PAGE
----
The electrifying conclusion to the epic young adult science fiction series that began with The Comet’s Curse.
Council leader Triana Martell has returned from her journey through the mysterious wormhole, but she isn’t alone. She is accompanied by the ambassador of an alien race—the Dollovit. While the Council and crew of Galahad struggle to come to terms with the existence of the Dollovit, the ship begins to flounder. The radiation shields threaten to fail, damaged by the appearance of multiple wormholes. The Dollovit have a proposal for the crew: an offer of assistance that could be their only hope for survival. But their offer comes with an astronomical price. Beset with doubts and surrounded by danger, can Triana and her crew find a way to reach their destination—a new home for the human race?
I want to preface my review The Galahad Legacy by clarifying that I did not read the previous five books in the series. Although that would be preferable, it is not strictly necessary in order to understand the plot. Of course, reading the rest of the series would obviously make the cast of characters more familiar (and in some cases, relevant).
Let’s talk about The Galahad Legacy: it’s science fiction, YA, and follows a group of young space explorers as they journey through the stars to another habitable planet in order to further the continuation of the human race. At their head is a council, made up of the ‘captain,’ the heads of specific departments (such as medical, agriculture and engineering), and it is this group that the story follows, in all of their personal triumphs and leadership towards reaching group goals.
The Galahad Legacy is nominally narrated by the voice of the main computer, Roc. While this would be an interesting overall tack, it is kept to a bare minimum, and the majority of the book is told as it happens in bits and pieces by the voices of the Council members. The style is primarily expository, but thankfully it doesn’t stray into data dump territory often. There’s enough character development (especially in Bon’s case) that though the plot twists are often presented as ‘information’ and through ship’s warnings, they do not seem overly clunky.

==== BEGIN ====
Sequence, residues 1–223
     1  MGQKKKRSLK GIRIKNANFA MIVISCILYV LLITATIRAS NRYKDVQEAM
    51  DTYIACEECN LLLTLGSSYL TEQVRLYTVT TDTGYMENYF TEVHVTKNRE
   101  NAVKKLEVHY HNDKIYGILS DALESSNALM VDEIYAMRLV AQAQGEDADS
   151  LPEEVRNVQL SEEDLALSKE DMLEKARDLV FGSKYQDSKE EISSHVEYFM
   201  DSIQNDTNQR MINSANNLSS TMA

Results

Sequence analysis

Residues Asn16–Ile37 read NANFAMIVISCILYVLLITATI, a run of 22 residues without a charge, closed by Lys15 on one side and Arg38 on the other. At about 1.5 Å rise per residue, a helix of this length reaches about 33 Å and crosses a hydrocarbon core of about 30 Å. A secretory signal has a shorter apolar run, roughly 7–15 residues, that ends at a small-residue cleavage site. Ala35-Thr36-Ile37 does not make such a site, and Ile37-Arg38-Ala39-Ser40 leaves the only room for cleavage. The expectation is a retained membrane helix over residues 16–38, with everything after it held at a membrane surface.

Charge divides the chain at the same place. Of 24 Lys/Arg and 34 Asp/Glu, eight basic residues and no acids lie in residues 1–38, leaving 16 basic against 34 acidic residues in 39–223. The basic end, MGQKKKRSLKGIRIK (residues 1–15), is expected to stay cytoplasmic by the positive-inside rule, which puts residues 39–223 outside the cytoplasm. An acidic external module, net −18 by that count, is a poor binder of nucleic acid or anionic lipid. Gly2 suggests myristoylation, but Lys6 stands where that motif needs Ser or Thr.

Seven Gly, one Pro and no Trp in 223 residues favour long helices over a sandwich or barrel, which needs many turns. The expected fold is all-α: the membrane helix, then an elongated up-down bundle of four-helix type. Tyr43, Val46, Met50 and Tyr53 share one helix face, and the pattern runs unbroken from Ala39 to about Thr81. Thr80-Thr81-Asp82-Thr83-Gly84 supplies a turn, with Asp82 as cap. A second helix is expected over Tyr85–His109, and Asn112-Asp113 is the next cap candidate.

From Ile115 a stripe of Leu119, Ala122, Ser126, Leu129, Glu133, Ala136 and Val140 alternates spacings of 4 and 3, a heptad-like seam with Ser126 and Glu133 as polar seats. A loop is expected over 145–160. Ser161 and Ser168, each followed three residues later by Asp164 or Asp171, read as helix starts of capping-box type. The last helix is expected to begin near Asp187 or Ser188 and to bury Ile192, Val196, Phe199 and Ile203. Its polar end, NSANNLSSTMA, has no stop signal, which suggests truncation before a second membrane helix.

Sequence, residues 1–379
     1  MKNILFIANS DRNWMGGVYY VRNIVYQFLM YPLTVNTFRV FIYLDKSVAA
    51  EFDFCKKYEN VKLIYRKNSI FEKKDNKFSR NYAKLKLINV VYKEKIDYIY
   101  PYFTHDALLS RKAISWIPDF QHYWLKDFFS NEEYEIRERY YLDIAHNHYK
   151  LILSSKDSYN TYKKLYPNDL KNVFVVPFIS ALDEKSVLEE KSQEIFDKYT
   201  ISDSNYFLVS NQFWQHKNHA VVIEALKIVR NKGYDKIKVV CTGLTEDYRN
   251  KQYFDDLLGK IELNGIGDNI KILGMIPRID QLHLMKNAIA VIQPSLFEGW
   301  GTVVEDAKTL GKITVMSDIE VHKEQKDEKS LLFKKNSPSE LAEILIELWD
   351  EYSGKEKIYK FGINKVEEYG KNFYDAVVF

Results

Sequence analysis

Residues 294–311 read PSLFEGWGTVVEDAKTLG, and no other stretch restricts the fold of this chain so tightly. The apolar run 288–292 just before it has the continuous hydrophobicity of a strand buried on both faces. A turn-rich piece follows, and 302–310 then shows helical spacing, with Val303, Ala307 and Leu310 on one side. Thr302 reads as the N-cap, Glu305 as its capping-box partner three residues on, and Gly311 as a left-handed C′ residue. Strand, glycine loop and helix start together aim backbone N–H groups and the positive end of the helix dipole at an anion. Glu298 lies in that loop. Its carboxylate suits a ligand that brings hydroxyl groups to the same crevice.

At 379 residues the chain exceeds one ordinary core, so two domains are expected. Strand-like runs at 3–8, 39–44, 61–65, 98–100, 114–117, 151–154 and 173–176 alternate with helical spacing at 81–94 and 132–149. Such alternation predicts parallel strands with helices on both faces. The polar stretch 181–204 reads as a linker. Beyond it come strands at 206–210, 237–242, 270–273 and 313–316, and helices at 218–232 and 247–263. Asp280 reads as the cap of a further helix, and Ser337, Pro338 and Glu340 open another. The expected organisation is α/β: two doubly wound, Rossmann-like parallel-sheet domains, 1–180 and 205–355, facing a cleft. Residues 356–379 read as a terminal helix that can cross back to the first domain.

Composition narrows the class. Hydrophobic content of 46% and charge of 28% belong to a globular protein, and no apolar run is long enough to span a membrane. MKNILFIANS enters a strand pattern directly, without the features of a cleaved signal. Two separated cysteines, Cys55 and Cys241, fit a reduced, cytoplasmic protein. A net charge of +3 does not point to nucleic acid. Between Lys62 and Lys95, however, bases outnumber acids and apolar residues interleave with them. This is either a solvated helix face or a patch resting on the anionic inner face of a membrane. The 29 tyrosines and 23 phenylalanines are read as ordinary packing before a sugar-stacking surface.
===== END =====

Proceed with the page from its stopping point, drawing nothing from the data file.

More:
To my mind, the most interesting parts of the book were the major questions addressed by various crew members either in thought or through dialogue. Testa incorporated themes of existence after death, the stages of grief, alien contact, ethics, and artificial life, along with musings on fate and faith. This philosophical musing might have seemed out of place in another book, but it fits seamlessly in the overall tale of the Galahad, and should provoke thoughtful consideration of these topics in a majority of its readers.
With that said, I did find a few authorial tics (and obsess over them) – 1) continuous mention of getting drinks of water, 2) overall lack of sleep for all of the Council members (which would fell ANYONE), and 3) constant avoidance of the cafeteria, as being too busy/noisy/what-have-you.
In all, I found that The Galahad Legacy was not what I expected, but what it IS worked just fine. It is not hard, technical sci-fi, it is not character-driven, it is not a personal story of teens traversing the stars. What it IS: a tale of a group effort to reach new destination through space, a story about the dynamics of a leadership team as it faces unimaginable challenges, and a narrative that ponders the important questions of human existence – “Why are we here?” and so on.
Recommended for: fans of middle grade and young adult sci-fi, those who have imagined traveling through space and time, and anyone with a big imagination and the perennial desire to ask ‘what if?’